McAuliffe served as one of Hillary Clinton's 2008 campaign chairmen,[41] and was one of her superdelegates to the 2008 Democratic National Convention.[42]

He was a visiting fellow to Harvard University's John F. Kennedy School of Government. In addition to several faculty and student lectures, McAuliffe hosted a study group entitled "The Making of a Candidate: From Running Campaigns to Running on my Own".[43]

McAuliffe was an adviser to the video game company ZeniMax Media.[44][45]

Virginia gubernatorial campaigns[edit]

2009[edit]

On November 10, 2008, McAuliffe formed an exploratory committee for Governor of Virginia in the 2009 election.[46] He told reporters that he had planned to spend the next few months traveling to "every corner of Virginia" to measure interest in his possible run.[46] McAuliffe told The Washington Post that he was "best suited to carry the Democratic banner because he [would] campaign as a business leader who can bring jobs to Virginia".[46] He also cited his ability to raise money for down-ticket Democratic candidates.[46]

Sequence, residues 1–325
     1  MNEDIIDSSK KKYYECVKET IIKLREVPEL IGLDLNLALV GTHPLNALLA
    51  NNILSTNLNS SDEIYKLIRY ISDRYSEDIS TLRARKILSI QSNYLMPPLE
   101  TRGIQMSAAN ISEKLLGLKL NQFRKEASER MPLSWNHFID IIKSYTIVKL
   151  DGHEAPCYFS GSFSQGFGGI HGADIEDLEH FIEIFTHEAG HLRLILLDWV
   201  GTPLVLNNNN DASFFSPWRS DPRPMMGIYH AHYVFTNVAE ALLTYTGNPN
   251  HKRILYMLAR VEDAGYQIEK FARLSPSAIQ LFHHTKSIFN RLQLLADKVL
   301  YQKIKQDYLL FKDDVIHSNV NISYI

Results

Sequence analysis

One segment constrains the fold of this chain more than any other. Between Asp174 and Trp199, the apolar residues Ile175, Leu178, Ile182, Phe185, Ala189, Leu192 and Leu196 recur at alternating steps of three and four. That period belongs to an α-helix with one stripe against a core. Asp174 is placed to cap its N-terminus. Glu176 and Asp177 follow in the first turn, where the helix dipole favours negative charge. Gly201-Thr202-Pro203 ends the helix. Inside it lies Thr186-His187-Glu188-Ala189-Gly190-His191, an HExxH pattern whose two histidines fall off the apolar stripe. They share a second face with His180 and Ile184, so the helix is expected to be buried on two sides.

McAuliffe's political team included campaign manager Mike Henry, senior strategist Mo Elleithee, and communications director Delacey Skinner.[47] McAuliffe raised over $7.5 million over the course of the campaign, and donated an additional $500,000 to himself.[48][49]

In the primary election, McAuliffe faced two other high-profile Democrats, State Senator Creigh Deeds, 2005 nominee for Attorney General, and Brian Moran, a former state representative, and former Democratic Caucus chairman. In the June 9, 2009 primary, McAuliffe placed second with 26% of the vote to Deeds's 50%.[50][51]